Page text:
Home Farm Equipment Feedback from the Field Round-up: Week ending June 6, 2021

Feedback from the Field Round-up: Week ending June 6, 2021


Editor’s Observe: The Feedback from the Field collection is an open-sourced platform for U.S. growers to share and examine rising circumstances throughout the nation. Wish to get in on the motion?! Click here to take our ongoing farmer survey on crop progress at any level in the 2021 grain season. Our Google Map, up to date day by day, offers all previous responses for farm readers.

Corn slides on suboptimal crop improvement

Corn circumstances tumbled final week as scorching and dry climate slowed crop improvement throughout the Heartland. Yesterday’s Crop Progress from USDA report noticed corn scores for the week ending June 6 fall 4% from every week previous to 72% good to glorious.

Declining scores in the Higher Midwest and Plains paved the method for greater costs this morning. Corn crops in North Dakota and South Dakota had been solely rated as 42% and 46% good to glorious, respectively, in yesterday’s report contributing to the weekly decline.

Feedback from the Field respondents throughout the nation overwhelmingly agreed that corn circumstances are honest, at worst. Just a few growers reported favorable crop improvement regardless of early season challenges.

  • “2 leaf stage and spraying post herbicides.” – Northern Illinois
  • “Planted 5/17/21, up 6 days later. Rains have been enough.” – Northwestern Ohio
  • “Growth head been slow, but overall crop is in pretty good shape.” – Northwestern Ohio

However extra farmers reported their struggles over the previous week as cool planting circumstances, frost injury, gradual emergence charges, and lingering drought proceed to stunt crop development.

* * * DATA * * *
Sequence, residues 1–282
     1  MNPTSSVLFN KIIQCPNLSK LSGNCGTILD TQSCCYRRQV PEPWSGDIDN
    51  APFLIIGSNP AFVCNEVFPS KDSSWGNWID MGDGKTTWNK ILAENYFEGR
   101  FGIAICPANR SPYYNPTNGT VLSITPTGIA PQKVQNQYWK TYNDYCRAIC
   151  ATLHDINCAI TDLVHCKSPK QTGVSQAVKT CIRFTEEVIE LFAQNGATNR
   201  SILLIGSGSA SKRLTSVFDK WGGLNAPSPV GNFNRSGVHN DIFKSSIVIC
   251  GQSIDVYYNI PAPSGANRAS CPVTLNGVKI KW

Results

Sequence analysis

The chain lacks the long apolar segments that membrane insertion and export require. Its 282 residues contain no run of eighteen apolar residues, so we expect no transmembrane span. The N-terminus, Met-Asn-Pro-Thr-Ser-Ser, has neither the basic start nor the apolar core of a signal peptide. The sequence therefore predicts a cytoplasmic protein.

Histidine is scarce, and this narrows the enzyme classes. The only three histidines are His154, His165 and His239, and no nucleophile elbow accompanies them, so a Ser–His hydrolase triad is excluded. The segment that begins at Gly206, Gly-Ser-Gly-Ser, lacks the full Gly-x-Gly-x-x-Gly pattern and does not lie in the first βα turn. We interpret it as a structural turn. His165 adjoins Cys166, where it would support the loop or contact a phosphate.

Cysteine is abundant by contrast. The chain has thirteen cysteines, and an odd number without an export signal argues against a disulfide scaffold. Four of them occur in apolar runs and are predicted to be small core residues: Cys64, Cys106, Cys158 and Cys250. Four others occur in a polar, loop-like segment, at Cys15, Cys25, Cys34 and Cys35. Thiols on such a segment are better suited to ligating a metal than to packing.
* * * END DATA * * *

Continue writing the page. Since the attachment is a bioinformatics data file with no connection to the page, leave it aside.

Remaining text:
Frost injury from two weeks in the past was additional evaluated in the most up-to-date report, with Feedback from the Field responses echoing crop injury. IN many circumstances, freeze injury overlapped with more and more dry circumstances in the Higher Midwest.

  • “Froze.” – Northwestern Minnesota
  • “Significant frost damage.” – North Central Iowa
  • “Frost killed 10 percent of beans; some corn damaged.” – South Central Wisconsin
  • “We need moisture bad. Frost damaged corn and beans 10 days ago. Crops are struggling to take off.” – Southwestern Wisconsin

Cool temperatures this spring slowed emergence charges throughout the Corn Belt, regardless of speedy planting progress. USDA’s corn emergence information will not be as indicative of corn yield potential as its speedy charges counsel.

  • I would consider it excellent if it was not late.” – Northwestern Tennessee
  • “Slow to emerge because of coolness.” – Central Indiana
  • Took almost a month for some of the corn to emerge.” – Crimson River Valley, North Dakota
  • “Cold temps then hot temps then cold temps again with frost! Too many bad days, we lost top end bushels this year, maybe average crop if rains return.” – Northern Illinois

The mix of cool temperatures this spring and more and more dry climate in the Higher Midwest don’t bode properly for corn yields. An rising quantity of Feedback from the Field respondents lamented that dry soils may additional hinder crop improvement, particularly as scorching temperatures roast the Plains and Higher Midwest over the subsequent few days.

  • “Very dry, really need rain.” – Southeast Wisconsin
  • “Very, very dry topsoil. Ungerminated corn laying in dry dirt. Soon it will be too late to emerge and make a crop.” – Northern Minnesota
  • “It’s almost too dry.” – Western Ohio
  • “Dry and very yellow.” – Northwestern Illinois
  • “We need rain now.” – Northwestern Minnesota

Soybeans wrestle

USDA’s Crop Progress report yesterday featured a primary have a look at 2021 soybean circumstances. USDA estimates 67% of anticipated 2021 soybean acres are rated in good to glorious situation as of Sunday, down from 72% the identical time a 12 months in the past as drought, frost, and funky planting circumstances maintain again optimum crop improvement.

The studying got here in about 3% decrease than analysts had been anticipating, giving legs to this morning’s value rally on the Chicago Board of Commerce as tight provide expectations for the 2021 crop proceed to additional dwindle on crop injury in the Northern Plains.

Soybeans crops in the Higher Midwest have struggled over the previous couple weeks as excessive climate occasions – together with frost, wind, and drought – take a toll on yields. Feedback from the Field respondents chronicled the injury over the previous week, with most farmers reporting honest circumstances for the 2021 soybean crop.